Let Me Dream : Ivory Joe Hunter (part two)©2002JCMarion

At the onset of 1953, Ivory Joe set out on a month long tour of Texas and Oklahoma. In the early spring MGM Records releases #11459 - "If You See My Baby" and "I Had A Girl". Hunter is constantly on the road even though his record sales have stalled. He remains a favorite of R & B fans as his summer dates at the Orchid Club in Kansas City and at Chicago's Toast Of The Town Club. In October "My Best Wishes" and "Talking To Myself" is released on MGM #11599. Hunter returns to the Dew Drop Inn in New Orleans for an extended booking. In 1954 Ivory Joe Hunter has a low profile as his records for MGM slow to a trickle and he is missing from the radio airwaves for the most part as the rock 'n roll tidal wave is about to erupt. In late summer of 1954 MGM issues "Whose Arms Are You Missing?" and "Do You Miss Me?" on #11818 to coincide with a week at Detroit's famous Flame Show Bar. In December Hunter shares the stage at the Howard Theater in Washington D.C. with The Regals. Hunter spends the holidays in the Northeast with a weeklong booking at Providence, Rhode Island's Downbeat Club. Also this month Ivory Joe ends a five year association with MGM Records and is signed to the giant of the R & B independents, Atlantic. It would be a move that revitalizes his career and makes him a national recording star at last.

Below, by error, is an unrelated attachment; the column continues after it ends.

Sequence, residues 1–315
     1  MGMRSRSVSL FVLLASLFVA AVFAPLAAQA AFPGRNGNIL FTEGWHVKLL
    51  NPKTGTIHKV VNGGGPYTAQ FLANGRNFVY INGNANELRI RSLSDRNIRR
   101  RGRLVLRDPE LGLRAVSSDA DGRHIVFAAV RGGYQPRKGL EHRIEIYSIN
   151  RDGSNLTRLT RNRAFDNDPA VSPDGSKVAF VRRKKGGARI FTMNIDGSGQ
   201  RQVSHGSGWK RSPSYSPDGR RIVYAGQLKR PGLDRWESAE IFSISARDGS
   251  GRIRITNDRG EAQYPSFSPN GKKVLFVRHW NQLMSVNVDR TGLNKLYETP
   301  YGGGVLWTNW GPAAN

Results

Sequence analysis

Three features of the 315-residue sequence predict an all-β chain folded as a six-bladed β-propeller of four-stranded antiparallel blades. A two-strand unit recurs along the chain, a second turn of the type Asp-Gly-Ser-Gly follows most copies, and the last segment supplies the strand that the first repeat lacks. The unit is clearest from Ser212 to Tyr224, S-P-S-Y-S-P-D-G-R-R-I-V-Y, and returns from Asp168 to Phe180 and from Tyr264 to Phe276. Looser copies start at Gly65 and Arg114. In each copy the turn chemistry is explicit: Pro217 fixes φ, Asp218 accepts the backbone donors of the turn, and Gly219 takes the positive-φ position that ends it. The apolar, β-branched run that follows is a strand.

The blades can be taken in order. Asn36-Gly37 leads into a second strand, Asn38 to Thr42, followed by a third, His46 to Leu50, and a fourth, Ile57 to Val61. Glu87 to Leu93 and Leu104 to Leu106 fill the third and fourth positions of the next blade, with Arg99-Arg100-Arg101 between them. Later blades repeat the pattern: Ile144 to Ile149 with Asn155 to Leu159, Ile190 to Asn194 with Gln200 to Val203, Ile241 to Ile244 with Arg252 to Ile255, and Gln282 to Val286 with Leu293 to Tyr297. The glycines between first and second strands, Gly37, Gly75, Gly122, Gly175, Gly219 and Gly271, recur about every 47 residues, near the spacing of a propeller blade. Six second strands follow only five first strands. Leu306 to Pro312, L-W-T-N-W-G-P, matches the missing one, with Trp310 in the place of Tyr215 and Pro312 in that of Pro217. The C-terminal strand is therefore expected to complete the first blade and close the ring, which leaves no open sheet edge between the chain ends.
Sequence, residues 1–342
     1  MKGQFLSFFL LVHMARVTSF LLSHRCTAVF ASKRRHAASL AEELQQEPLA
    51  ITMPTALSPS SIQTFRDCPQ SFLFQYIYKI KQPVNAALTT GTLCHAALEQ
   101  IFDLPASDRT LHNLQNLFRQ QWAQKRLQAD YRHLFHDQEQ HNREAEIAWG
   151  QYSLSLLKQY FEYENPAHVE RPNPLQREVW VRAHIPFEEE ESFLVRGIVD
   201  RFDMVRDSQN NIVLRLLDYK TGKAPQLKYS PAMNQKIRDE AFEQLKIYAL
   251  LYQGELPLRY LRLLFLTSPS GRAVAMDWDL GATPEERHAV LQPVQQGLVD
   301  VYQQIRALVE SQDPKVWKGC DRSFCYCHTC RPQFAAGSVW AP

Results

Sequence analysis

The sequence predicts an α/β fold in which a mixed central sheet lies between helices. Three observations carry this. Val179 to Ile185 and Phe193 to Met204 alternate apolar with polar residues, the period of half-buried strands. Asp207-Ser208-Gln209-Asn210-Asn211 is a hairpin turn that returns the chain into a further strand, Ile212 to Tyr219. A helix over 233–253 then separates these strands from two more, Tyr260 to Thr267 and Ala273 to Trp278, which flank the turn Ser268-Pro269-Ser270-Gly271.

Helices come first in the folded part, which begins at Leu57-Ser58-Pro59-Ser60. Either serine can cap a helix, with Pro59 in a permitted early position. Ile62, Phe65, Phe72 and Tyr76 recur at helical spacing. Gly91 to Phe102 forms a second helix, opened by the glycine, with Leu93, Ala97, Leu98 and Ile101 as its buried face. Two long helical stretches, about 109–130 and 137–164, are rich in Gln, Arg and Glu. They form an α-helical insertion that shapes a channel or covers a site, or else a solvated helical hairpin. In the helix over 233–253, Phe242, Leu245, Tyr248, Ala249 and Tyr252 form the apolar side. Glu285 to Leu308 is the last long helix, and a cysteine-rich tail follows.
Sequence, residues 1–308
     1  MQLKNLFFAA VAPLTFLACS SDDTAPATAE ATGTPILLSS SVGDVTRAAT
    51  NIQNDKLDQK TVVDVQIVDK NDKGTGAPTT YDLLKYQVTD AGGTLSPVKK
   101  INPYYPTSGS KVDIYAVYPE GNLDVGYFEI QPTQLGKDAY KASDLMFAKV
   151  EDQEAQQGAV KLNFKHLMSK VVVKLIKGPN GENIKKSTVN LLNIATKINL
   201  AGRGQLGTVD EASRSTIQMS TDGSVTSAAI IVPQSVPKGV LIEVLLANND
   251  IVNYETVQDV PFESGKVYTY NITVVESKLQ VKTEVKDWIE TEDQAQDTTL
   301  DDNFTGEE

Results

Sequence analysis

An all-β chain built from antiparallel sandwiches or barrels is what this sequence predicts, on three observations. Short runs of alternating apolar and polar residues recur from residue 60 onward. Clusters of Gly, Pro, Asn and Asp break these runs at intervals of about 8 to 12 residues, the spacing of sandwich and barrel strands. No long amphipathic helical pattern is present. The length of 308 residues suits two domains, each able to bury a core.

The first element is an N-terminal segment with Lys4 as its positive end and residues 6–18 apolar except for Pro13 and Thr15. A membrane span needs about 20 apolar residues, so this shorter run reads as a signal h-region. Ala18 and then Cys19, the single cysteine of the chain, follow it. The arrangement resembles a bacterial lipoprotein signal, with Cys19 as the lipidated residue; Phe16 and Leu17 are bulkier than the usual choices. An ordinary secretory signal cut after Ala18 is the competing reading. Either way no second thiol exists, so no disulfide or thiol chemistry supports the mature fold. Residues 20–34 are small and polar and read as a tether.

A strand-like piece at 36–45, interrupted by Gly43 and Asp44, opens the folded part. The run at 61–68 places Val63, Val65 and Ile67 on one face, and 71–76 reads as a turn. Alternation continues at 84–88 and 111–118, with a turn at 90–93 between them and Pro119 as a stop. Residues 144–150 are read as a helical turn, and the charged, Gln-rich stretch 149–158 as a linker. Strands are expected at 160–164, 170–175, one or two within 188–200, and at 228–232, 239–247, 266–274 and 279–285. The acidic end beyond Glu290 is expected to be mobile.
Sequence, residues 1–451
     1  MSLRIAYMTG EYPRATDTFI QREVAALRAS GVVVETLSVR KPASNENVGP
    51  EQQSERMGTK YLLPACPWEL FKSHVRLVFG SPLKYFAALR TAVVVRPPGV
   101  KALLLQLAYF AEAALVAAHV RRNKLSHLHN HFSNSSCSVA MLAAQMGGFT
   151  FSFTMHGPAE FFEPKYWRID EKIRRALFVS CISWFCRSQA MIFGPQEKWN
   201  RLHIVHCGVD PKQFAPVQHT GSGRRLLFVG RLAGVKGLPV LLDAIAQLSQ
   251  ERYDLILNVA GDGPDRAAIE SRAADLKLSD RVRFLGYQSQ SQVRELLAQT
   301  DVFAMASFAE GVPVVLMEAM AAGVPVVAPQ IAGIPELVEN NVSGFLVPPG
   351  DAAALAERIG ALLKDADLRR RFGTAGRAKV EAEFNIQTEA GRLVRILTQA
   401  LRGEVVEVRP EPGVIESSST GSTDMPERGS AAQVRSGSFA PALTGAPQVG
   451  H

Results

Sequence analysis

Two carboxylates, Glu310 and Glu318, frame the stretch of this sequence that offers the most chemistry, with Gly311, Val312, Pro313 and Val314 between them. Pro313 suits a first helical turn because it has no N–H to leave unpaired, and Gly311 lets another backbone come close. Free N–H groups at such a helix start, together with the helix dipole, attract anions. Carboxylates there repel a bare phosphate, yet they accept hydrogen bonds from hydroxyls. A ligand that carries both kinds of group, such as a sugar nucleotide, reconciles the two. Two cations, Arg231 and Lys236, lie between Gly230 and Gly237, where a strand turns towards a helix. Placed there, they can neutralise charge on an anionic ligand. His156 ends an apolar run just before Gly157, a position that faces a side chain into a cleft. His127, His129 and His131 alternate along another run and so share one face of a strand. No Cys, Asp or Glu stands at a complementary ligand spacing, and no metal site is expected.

It doesn't take long for Atlantic to strike gold. In mid January they release "It May Sound Silly" and "I've Got To Learn To Do The Mambo" on #1049. In a short time "Silly" becomes a top seller for Atlantic especially in the Northeast as the record makes inroads on pop radio stations. In March on the strength of his latest record, Hunter tops the bill at L.A.'s Savoy Ballroom sharing the bill with LaVern Baker and Joe Houston. In appearances in Philadelphia, Pittsburgh, and Cincinnati, Ivory Joe does big box office. In June just as the sales for "Silly" start to fade Atlantic releases #1066 - "Heaven Came Down To Earth" and "I Want Somebody". The pop music powers take no chances this time - both Jerry vale (Columbia) and Helene Dixon (Epic) cover "Heaven Came Down To Earth". In the fall Hunter is back touring his home state of Texas.